Nelly Bassily | March 30, 2009
“Agriculture is the gateway to bringing development and driving [out] hunger in any country,” stated Dr. Joseph Sam Sesay, Sierra Leone’s Minister of Agriculture, Forestry, and Food Security in January. As the global recession and dwindling reserves are causing the collapse of Sierra Leone’s diamond industry, many citizens of the formerly diamond-rich Kono District agree that farming is the future. In fact, the re-establishment of agriculture is always vitally important to rebuilding a country following a conflict.
The following FRW stories look at other examples of re-establishing farm-based livelihoods following conflict:
-“Group marketing restores farmer profits after conflict” (FRW#48, December 2008)
-“A country that loves fish rebuilds its fishing industry” (FRW#34, August 2008)
-“Cocoa farmers supported to rebuild livelihoods following civil war” (FRW#32, August 2008)
-“Civil war landmines threaten returning farmers” (FRW#14, March 2008)
-“Reintegration of ex-combatants through agriculture” (FRW#10, February 2008)
-“Farmers rebuild agriculture sector against the odds” (FRW#9, February 2008)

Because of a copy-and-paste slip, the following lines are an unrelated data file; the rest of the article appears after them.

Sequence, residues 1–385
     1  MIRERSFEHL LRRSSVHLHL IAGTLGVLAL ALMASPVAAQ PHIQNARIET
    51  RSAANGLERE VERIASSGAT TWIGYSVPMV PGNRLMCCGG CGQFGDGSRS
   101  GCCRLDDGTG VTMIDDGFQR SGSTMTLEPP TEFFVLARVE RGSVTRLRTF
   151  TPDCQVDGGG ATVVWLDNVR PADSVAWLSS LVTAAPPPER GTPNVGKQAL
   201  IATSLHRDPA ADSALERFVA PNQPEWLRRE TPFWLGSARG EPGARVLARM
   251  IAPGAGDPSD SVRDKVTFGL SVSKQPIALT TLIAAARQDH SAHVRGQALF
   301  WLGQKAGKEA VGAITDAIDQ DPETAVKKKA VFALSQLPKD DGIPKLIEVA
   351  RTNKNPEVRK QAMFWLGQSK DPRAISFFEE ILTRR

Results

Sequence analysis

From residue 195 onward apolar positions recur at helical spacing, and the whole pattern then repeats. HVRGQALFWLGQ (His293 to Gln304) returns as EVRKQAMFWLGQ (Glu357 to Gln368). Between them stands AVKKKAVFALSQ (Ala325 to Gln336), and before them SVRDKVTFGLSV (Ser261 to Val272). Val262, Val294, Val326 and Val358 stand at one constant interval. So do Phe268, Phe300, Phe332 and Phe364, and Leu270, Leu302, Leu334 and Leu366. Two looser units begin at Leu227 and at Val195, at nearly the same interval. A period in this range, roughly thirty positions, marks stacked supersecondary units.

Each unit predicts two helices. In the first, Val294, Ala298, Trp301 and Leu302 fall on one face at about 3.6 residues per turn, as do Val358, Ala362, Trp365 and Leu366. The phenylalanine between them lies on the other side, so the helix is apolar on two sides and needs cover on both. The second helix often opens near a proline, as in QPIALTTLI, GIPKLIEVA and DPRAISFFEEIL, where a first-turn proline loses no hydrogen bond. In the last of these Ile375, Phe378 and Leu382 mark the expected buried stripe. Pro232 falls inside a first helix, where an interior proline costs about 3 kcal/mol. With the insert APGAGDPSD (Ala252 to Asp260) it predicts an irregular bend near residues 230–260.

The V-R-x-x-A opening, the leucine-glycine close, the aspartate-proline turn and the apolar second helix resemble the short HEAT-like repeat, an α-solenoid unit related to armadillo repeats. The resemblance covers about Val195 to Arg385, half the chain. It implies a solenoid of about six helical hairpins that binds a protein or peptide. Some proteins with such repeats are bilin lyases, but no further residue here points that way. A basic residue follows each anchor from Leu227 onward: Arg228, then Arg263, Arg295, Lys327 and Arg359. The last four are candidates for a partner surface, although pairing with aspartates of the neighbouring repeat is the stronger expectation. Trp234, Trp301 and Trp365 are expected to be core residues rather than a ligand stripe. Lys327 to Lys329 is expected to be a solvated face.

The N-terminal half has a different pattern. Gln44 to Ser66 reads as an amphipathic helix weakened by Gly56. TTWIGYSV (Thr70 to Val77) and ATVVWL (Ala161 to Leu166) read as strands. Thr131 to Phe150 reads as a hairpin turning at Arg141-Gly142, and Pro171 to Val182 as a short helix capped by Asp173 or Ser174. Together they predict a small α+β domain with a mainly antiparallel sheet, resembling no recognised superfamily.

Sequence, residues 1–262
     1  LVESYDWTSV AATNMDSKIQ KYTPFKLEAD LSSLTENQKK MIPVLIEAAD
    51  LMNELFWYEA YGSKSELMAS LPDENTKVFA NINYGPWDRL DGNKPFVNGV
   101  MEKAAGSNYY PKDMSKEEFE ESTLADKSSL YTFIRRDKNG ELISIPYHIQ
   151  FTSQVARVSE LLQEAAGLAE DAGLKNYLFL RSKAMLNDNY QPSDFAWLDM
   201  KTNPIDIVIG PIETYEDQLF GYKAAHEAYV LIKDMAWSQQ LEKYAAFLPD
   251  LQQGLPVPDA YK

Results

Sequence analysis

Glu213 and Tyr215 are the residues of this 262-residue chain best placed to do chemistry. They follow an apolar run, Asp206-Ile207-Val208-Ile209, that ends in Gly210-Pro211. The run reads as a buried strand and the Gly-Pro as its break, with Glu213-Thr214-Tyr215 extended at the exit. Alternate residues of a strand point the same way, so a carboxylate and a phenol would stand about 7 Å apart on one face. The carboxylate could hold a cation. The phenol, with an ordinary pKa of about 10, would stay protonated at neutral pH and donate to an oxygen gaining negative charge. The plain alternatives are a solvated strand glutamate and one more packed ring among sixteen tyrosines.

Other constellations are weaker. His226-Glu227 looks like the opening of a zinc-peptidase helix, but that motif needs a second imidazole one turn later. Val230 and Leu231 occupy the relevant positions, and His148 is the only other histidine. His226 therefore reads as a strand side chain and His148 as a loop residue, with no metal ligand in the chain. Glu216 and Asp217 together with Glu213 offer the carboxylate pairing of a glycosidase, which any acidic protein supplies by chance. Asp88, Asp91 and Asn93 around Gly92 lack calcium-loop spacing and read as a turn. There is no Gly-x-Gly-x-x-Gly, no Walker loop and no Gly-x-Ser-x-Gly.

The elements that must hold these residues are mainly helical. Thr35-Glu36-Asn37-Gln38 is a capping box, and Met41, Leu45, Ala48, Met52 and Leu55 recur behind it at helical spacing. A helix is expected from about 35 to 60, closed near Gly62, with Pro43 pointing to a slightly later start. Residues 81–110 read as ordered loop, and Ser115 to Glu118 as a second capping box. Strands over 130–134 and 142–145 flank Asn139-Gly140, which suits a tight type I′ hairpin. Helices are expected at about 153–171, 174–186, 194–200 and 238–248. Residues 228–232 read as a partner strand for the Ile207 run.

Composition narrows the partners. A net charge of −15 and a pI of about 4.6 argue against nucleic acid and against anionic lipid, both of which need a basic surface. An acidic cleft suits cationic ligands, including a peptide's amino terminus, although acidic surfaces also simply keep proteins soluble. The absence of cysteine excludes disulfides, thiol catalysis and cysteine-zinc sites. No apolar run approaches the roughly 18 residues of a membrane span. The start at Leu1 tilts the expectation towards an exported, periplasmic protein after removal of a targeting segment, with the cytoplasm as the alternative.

While this story offers a new perspective on post-conflict agricultural revival, it also provides an example of people dealing with the impact of the global recession. You may consider hosting a call-in/text-in show which asks listeners if they have been affected by the economic downturn, and how they are coping.
-Are there people in your listening audience who have lost their jobs? If so, do they have any alternatives? Have some people turned to agriculture?
How have farmers who produce food for export been affected? If demand from export markets has decreased, have they found local markets? Have they made any changes to the kinds of crops they grow (for example, growing more subsistence crops?)